Honorable Kent Grusendorf, Chair, House Committee on Public Education
John S. O'Brien, Deputy Director, Legislative Budget Board
HB2 by Grusendorf (Relating to public education and public school finance matters.), As Introduced
|Fiscal Year||Probable Net Positive/(Negative) Impact to General Revenue Related Funds|
|Fiscal Year||Probable Savings/(Cost) from
GENERAL REVENUE FUND
|Probable Savings/(Cost) from
FOUNDATION SCHOOL FUND
|Probable Revenue Gain/(Loss) from
FOUNDATION SCHOOL FUND
|Change in Number of State Employees from FY 2005|
The bill would make substantive changes both to the method of financing and the operation of local school disticts. The bill would direct certain Texas Education Agency (TEA) actions and operations. This discussion is limited to those portions of the bill that have fiscally impact the state or local school districts.
Article 1 of this bill significantly changes the foundation school program and the formula structure of state assistance for public education. Article 2 of the bill contains educator excellence reforms. Article 3 is the conforming amendments. Article 4 includes repealers, applicability and effective dates.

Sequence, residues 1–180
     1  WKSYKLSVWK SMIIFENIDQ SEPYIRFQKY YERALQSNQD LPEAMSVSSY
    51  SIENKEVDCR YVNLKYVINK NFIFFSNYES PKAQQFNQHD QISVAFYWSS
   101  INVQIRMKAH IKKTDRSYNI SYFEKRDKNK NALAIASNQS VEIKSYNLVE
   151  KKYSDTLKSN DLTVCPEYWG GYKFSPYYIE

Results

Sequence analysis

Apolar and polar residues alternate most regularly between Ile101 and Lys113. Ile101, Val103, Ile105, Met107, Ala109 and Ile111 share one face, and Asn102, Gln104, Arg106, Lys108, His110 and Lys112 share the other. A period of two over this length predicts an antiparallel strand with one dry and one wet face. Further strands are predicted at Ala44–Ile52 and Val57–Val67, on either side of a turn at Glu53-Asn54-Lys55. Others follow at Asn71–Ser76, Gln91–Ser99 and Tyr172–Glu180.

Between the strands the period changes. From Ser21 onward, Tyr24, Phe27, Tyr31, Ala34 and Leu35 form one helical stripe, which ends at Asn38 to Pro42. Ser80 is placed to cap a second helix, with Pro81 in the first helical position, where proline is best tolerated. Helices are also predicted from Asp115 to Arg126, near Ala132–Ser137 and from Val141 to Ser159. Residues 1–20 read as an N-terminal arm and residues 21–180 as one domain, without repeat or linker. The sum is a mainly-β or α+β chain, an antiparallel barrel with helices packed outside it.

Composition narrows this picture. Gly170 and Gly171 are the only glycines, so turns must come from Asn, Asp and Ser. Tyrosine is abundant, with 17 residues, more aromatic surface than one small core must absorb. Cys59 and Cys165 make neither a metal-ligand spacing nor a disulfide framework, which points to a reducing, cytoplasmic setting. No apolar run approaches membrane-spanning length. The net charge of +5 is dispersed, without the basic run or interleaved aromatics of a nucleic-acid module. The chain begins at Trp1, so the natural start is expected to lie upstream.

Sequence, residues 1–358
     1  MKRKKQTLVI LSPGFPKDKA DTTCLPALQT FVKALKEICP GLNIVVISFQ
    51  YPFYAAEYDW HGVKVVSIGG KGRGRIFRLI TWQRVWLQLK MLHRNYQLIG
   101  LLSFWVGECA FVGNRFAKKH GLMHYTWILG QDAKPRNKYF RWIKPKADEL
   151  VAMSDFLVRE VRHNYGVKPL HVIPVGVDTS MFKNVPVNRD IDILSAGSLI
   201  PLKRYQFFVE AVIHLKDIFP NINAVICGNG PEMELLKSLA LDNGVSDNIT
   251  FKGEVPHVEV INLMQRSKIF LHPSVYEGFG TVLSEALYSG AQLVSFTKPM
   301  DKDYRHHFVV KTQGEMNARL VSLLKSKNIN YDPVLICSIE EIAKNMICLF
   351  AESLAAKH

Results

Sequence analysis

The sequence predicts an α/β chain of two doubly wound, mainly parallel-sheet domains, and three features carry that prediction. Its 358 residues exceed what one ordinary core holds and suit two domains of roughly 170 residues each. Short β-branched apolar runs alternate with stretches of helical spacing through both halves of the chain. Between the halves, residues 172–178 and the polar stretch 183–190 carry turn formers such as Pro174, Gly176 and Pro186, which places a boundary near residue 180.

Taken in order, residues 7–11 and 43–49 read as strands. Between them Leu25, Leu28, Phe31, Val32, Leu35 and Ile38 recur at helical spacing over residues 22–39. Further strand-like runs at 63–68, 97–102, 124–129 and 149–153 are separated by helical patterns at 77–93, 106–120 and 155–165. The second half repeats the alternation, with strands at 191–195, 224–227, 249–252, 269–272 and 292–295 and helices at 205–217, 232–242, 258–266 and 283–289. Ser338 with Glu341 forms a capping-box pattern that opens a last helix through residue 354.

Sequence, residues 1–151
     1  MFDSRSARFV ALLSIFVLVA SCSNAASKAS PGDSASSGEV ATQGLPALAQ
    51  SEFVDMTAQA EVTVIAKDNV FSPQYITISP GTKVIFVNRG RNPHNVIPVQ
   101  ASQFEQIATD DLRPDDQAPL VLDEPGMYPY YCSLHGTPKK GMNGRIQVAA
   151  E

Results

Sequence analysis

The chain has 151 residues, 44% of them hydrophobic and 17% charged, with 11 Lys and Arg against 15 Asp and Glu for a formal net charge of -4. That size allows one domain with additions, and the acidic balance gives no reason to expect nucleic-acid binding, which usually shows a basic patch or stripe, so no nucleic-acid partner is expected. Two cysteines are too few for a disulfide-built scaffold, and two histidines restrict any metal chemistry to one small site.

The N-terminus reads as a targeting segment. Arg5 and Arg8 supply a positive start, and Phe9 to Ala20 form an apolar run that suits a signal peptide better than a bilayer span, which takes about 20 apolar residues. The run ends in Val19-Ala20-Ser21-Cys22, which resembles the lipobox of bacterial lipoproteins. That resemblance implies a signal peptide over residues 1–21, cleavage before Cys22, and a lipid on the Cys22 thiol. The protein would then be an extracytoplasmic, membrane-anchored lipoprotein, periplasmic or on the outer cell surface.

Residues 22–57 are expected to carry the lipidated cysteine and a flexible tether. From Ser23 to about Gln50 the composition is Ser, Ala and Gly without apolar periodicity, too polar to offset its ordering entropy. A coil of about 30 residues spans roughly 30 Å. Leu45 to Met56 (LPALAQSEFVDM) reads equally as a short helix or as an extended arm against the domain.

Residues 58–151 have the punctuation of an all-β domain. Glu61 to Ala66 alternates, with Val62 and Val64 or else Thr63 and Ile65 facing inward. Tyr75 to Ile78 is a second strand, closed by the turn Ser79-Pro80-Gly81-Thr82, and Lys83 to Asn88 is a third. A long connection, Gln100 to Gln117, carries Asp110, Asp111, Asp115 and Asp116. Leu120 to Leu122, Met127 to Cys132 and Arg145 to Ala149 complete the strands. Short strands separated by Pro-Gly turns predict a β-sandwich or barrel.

The bill creates accreditation allotments of $5,550 for each student in attendance in grades 9-12, and $4,550 for all other students, excluding the time served in special education instructional arrangements. This amount is modified by supplemental funding allotments: A special education allotment based on specific dollar amounts for each full-time equivalent student (FTE) within each instructional arrangement; an allocation of $665 for each low income student for accelerated programs (calculated on the basis of the percentage of students eligible for free or reduced-price lunches in grades PK-8 applied to all attendance for the district); a transitional program allotment of $450 for each student in average daily attendance for bilingual or special language programs; and $178 for each annual credit hour of career and technology programs in which students in grades 7-12 are enrolled. New §42.155 provides $250 for each student in attendance accepted under the public education grant program by a district. Except for certain special education spending requirements, allotment funds are generally not restricted in their use.